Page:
Costume Drama. December 2013.

Dear Rowley,

Heading back to London after a really rather lovely sojourn in Derbyshire for Christmas and pondering how heroic parents of young children are. We’ve got a dad travelling on his own with two very young daughters sharing my table in 1st who would have had me reaching for the blowpipe. But he’s patiently feeding them, making sure the iPad volume is kept to a minimum and just getting through it with patience and dignity. As I said, I’d have resorted to the Peppa Pig sweeties laced with Night Nurse before we’d pulled out of Derby.

Much talk about the BBCs adaptation of P.D.James’s Death Comes To Pemberley reaching its Christmas conclusion tonight. I don’t approve of sequels as a rule and, though Persuasion is my favourite Jane Austen, Pride and Prejudice comes a close second. But from the pen of P.D.James, imagining the next chapter of Pride and Prejudice as a murder mystery was ingenious. When I read the book earlier this month I thoroughly enjoyed with what relish P.D.James echoed Austen’s measured, cynical tone and deceptively light, lovely prose. I also enjoyed James introducing characters from Austen’s other novels however brief the cameo role.

As I never tire of telling you, my parents live on the Chatsworth Estate and I grew up enchanted by the house and gardens so it was a joy to see Chatsworth as the primary location for Pemberley. The unexpected arrival of Lydia Wickham (Jenna Coleman) in a carriage drawn like a cyclone by black horses up to the West Wing of Chatsworth should wine prizes for cinematography alone. Having seen two of the three episodes, I also have to say Miss Coleman effortlessly outshone her much more experienced co-stars and stole scenes as the feckless, flirtatious and vacuous Lydia.

Death Comes To Pemberley hasn’t been universally well-received not least because of Anna Maxwell Martin’s Elizabeth Darcy (nee Bennett). Jane Austen makes perfectly clear in Pride and Prejudice that Lizzie is not the beauty of the family but is the quickest wit, soundest mind and most naturally charismatic of the Bennett sisters. I adored – adored! – Miss Maxwell Martin in her first major BBC costume drama Bleak House and thought her perfectly cast but as Elizabeth Bennett less so. The costume designer certainly didn’t do her any favours making Lizzie wear the dullest of green dresses throughout almost the entire story and a bonnet as ugly as a coal scuttle.

In fact the costumes as a whole don’t live up to the grandeur of the Chatsworth House and Castle Howard locations. I fear to criticise costume designers because they are invariably some of the hardest working people on a film set and usually give an intelligent reading of the character through the clothes. In Pemberley’s case I did notice the villains got all the best frocks. Lydia always looks glorious from the moment we discover her dressed as a military wife. Her wicked husband Mr Wickham (Matthew Goode) sported a magnificent white linen cravat and exquisitely fitted Beau Brummell tailcoat in his prison scene.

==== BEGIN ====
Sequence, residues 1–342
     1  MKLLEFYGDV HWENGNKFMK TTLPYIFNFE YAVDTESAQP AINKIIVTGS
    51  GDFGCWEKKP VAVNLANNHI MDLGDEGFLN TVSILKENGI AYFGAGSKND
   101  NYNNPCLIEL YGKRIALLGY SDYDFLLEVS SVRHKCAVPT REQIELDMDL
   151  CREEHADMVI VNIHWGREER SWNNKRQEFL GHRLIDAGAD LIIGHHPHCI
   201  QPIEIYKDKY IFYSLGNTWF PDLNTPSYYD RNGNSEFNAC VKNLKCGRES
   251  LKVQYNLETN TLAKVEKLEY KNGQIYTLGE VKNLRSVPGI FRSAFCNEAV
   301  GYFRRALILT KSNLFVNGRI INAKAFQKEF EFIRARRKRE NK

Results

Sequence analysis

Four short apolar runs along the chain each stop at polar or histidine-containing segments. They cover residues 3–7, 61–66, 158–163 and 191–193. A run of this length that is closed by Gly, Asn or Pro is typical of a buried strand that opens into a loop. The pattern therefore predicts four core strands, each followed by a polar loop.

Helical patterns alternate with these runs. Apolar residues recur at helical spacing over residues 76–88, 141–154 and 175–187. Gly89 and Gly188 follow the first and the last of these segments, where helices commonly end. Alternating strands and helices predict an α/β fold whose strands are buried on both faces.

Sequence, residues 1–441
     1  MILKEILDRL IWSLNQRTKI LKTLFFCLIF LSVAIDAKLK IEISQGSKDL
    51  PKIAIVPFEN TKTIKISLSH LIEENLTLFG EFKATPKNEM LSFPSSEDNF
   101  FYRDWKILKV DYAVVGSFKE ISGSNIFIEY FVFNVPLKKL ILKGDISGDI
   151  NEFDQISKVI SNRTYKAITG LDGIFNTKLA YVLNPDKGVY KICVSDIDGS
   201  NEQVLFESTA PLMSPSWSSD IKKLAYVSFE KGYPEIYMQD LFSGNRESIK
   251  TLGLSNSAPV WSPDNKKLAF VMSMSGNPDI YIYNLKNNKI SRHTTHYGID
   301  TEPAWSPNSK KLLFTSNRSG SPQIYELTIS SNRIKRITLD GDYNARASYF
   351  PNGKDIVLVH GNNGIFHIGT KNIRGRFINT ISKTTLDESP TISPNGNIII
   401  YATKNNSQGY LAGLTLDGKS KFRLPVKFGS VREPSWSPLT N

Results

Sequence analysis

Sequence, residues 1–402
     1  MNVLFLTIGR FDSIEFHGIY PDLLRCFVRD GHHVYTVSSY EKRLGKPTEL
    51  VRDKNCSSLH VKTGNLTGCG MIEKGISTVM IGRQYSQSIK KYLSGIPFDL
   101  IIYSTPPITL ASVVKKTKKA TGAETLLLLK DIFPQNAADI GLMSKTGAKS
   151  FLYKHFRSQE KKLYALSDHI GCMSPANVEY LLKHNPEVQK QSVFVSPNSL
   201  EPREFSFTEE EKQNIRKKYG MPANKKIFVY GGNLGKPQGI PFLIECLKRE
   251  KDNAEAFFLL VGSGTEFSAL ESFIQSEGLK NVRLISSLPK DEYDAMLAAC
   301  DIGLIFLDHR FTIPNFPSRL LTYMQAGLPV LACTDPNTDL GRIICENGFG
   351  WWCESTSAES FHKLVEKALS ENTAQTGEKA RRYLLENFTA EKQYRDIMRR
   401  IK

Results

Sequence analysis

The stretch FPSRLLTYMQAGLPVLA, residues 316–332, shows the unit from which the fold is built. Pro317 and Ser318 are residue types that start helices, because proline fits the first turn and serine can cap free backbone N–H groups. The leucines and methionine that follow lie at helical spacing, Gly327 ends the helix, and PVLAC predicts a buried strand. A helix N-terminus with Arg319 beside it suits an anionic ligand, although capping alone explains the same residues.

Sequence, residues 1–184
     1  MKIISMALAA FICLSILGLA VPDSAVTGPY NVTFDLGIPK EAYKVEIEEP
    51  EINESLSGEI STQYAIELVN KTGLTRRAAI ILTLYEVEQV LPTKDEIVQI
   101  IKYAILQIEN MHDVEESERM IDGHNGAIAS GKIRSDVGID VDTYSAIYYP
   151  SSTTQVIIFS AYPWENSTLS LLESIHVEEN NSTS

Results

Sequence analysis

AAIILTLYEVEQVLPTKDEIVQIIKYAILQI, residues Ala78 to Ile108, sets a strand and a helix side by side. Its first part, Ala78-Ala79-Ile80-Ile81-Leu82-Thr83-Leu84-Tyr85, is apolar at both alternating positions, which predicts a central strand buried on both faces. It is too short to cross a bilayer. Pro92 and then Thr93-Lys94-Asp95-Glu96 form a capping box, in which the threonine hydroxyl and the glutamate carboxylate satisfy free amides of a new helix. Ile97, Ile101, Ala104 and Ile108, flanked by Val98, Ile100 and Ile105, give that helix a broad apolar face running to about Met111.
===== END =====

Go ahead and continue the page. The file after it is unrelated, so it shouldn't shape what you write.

Perhaps the point is that people who take pride in their appearances are the shallow characters while Lizzie and Darcy (Matthew Rhys) care less about personal adornment because all of their passions and energies are devoted to the Pemberley estate and its family of workers. It’s a fair point well made but doesn’t make for a sumptuous costume drama. Strike me down as a shallow Hal but while Miss Maxwell Martin gives Lizzie quiet strength of character, I’d rather the character displayed more passion and looked like the Mistress of Pemberley. Imagine what Gillian Anderson could have done with Elizabeth Darcy were she ten years younger.

I needed another viewing of the Christmas Downton Abbey before forming a clear-headed opinion. Watching it on Christmas night through a warm misty glow of booze and bonhomie wasn’t conducive to concentration. What I absolutely adore about Downton’s Christmas specials is the commitment to take the characters both upstairs and downstairs away from the comfort zone of Downton and place them in a potentially dangerous situation. This time it was London at the height of the season for Lady Rose to be presented at court to King George V and Queen Mary: a social minefield when as Lady Mary says ‘Rose is a flapper’.

Having spent the best part of this year researching the history of Royal St James’s for my last book I recognised so many of the locations. Lancaster House was used as a stand-in for Buckingham Palace (not for the first time) with Lady Rose being presented in the Music Room at Lancaster Houser. The exterior shots of the Crawley family’s London mansion was shot outside Bridgewater House opposite St James’s Palace: London home of the Latsis family. I was rather charmed that the various story lines over the last season of Downton Abbey were allowed to resolve themselves or rest on a cliff edge for the next season.

It was terrific that none of the leading characters were killed off or anything terribly sensational happened…if you didn’t count the Crawley family saving the Prince of Wales (the future King Edward VIII) from scandal by retrieving a compromising letter written to Frida Dudley-Ward. Any niggles? I wish they’d found an actor who looked even slightly like the Prince of Wales and the romance between Bates and Anna isn’t half as cutesy and endearing as Julian Fellowes clearly thinks it is. As for Lady Mary’s monotonous tone of voice! Reminds me of Dorothy Parker’s verdict on Katherine Hepburn: ‘she runs the gamut of emotions from A to B’. Until next time…